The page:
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Juso

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Everything posted by Juso

  1. I could not agree more, I wasn't going to mention the olympic flag thing as I thought I was being too nitpicky. I think the national flag equal level thing started in Athens. My purist side loved how no australian flag was even raised at the OC it was just the horseback flags and all about the olympic flag. I also think they should have had a way to keep the flag permanent and the tor dismantled around it (I actually with it would have been rather cool if they kept the tor through the athletics and used it as an unconventional podium for track a field). These may all just be symbols but it really bugs me how people attack you for wanting the IOC to adhere to them. Like I have said, it is such a slippery slope, if the illusion of the cauldron or flag are lost what does next, turning off the cauldron to save gas in each night of the games. I too welcome a return to birch style fanfares, marching bands, pomp and structure (Though DAE keep some of that spirit alive). That said it will be interesting what elements of Jack Morton and DAE style ceremonies (they have brought good fresh ideas and refinement aswell) he blends into his style in Rio.
  2. I agree, specifically for the Winter Olympics, where the main stadium is not a sport venue and there is not usually a main olympic park, I think this would be a great idea. But, I disagree with the moving of the cauldron from the main stadium/main olympic park in summer games to a general square in the downtown/cbd district of a city. I guess I am a traditionalist and feel the summer cauldron should be lit and reside in on or near the main stadium. (this becomes more confusing in Rio) Also, I think that an olympic park should be accessible during the games for non ticket holders to achieve the same access as was produced by Vancouver's city cauldron. I would hope that you can get a day pass in london on certain days to the park - does anyone know? I know in Sydney you could freely access the park without an event ticket for most of the olympics bar a few days towards the end where the multiple series of events on in the main stadium in one day caused concerns about overcrowding (moving 110,000 people out with another 110,000 coming in plus another 80,000 in the rest of the park). Conversely, even for the winter olympics these public square cauldrons cause some problems. I saw the vancouver cauldron in person and loved jack poole plaza, the problem with the vancouver cauldron, although the placement and scale made it accessible to the public, it was those characterisitics that also led to it being enclosed by fences and making it more blatantly inaccessible than a stadium cauldron. The advantage of stadium cauldrons is that they are usually (not in London of course) high enough to be seen closely but not be behind fences that disconnect the crowds from the flame. In Athens, Barcelona, Atlanta, Sydney and Torino one could stand almost underneath the cauldron and see it soar above them. (one of my most fond memories) It is a difficult conundrum that neither solution provides the best of both worlds. Sochi will no doubt have the best balance, as they will likely have a stadium external cauldron that due to the layout of their olympic park will be visible from everywhere in the park and visible from the medals plaza at the centre of park. Rio is more confusing, though I feel a compromise would be to have a permanent cauldron at the olympic park and a temporary at the ceremonies stadium. I would prefer this to multiple cauldrons all lit everywhere at the same time throughout the whole games. IMO there should be one olympic cauldron for the duration of the games (I didn't like the whistler one or hong kong, or the multiple in calgary). Though I accept that lighting/extinguishing a replica at the ceremonies is going to become a more commonplace and necessary evil. Also I think there are other ways to make olympic spirit attractions downtown. Examples include: Sydney's olympic rings on the harbour bridge, live sites and closing downtown fireworks. Or Vancouver's laser light shows and London's many giant rings etc.. I really have to stop writing long posts... just my two cents, feel free to ignore...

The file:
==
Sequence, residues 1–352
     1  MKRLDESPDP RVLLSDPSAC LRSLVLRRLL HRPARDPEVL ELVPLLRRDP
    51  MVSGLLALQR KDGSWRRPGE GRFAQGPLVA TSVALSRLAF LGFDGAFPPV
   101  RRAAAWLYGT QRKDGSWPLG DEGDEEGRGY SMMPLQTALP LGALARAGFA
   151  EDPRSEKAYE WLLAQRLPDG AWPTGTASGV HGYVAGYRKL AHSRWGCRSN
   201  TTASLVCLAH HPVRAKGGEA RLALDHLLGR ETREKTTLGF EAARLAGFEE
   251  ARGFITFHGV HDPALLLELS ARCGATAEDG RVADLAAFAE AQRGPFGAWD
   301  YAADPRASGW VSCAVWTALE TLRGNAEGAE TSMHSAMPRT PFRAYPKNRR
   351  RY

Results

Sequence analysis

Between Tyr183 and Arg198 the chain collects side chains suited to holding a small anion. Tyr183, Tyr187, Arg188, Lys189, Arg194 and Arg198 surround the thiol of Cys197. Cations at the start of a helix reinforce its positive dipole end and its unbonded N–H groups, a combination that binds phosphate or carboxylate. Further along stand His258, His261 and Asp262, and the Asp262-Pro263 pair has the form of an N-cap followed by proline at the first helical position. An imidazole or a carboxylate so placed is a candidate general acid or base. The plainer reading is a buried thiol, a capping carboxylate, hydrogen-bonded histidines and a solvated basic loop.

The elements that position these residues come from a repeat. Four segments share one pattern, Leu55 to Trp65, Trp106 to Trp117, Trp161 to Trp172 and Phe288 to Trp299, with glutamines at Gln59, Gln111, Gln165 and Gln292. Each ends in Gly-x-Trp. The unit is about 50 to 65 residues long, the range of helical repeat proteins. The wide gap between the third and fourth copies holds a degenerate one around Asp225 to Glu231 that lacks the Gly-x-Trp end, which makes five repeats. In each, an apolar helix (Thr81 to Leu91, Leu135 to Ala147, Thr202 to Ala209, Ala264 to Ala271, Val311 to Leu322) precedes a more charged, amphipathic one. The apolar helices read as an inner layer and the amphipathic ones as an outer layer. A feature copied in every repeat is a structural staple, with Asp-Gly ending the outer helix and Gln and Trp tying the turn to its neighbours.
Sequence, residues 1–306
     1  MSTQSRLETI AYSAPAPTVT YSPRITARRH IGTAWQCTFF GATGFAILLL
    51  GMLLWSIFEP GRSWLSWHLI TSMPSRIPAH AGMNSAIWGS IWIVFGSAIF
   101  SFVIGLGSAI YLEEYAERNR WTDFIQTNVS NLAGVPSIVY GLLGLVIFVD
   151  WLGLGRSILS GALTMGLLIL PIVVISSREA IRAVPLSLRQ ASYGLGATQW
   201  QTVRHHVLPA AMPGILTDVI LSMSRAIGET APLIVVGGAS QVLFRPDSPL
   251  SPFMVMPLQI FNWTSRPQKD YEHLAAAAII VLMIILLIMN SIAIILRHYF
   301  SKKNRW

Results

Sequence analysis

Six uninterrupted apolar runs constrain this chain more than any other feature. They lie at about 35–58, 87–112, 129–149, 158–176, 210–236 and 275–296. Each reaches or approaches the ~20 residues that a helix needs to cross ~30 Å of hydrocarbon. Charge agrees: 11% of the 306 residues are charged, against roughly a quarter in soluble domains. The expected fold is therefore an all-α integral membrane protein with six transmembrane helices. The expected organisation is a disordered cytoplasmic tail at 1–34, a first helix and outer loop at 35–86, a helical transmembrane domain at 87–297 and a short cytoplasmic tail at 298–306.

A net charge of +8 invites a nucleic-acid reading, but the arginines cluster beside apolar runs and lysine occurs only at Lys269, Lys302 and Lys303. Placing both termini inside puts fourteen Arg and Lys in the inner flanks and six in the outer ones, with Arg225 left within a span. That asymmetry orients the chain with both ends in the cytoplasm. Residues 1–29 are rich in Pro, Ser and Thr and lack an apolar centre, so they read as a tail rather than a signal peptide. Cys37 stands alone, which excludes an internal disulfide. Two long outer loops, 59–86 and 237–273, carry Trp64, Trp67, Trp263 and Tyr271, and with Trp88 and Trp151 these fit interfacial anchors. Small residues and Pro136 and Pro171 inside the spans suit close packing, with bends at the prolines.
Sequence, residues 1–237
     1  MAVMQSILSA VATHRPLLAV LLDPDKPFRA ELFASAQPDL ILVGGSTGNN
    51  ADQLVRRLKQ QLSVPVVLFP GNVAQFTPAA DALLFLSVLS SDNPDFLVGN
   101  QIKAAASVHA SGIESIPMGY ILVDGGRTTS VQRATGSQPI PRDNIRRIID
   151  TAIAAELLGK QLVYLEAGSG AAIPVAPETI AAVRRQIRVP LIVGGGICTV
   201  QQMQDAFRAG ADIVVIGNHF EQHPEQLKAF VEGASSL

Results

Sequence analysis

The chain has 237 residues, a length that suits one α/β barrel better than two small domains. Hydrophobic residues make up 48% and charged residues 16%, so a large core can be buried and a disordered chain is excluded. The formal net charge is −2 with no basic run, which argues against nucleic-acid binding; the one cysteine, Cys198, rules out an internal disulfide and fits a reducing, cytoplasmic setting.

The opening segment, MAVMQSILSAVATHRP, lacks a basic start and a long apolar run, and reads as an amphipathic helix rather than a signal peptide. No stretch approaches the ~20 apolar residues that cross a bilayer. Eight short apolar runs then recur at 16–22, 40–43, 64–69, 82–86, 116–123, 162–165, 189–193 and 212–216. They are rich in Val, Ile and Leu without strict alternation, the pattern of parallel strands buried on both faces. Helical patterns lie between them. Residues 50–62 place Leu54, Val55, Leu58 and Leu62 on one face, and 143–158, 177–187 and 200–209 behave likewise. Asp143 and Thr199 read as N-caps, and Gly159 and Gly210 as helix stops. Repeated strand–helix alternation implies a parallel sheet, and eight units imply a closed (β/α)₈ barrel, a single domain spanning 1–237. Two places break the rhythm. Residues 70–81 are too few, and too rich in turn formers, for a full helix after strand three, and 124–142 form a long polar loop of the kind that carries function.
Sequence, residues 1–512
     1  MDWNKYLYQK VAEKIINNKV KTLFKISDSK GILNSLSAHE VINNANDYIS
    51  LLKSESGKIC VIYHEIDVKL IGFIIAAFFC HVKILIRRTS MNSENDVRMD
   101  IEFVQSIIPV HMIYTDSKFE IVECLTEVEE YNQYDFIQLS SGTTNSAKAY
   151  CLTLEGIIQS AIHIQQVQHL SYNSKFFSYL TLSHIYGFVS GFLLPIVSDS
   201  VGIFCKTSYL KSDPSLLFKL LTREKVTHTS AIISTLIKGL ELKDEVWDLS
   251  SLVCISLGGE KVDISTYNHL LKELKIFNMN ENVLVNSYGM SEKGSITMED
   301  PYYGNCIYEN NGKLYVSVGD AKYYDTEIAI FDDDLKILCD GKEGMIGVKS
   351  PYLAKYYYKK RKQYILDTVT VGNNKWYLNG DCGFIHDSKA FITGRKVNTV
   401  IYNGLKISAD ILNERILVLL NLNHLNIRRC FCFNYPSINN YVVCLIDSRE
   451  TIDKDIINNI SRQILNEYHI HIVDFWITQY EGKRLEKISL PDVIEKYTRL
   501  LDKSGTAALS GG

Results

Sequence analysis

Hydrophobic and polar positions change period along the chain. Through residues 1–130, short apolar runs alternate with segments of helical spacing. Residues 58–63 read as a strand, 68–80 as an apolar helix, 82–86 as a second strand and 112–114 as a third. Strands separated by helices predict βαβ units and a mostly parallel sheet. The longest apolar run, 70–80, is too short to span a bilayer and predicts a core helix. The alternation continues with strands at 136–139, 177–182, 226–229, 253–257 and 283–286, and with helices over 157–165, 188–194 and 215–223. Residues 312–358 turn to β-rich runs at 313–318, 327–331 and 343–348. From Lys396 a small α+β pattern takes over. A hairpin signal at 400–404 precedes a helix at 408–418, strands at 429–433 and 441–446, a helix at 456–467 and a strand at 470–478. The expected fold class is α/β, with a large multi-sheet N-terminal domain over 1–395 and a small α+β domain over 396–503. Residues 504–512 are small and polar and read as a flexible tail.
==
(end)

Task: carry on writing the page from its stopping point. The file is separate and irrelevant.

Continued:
3. Lol I am really sorry if I killed this thread with my ranting!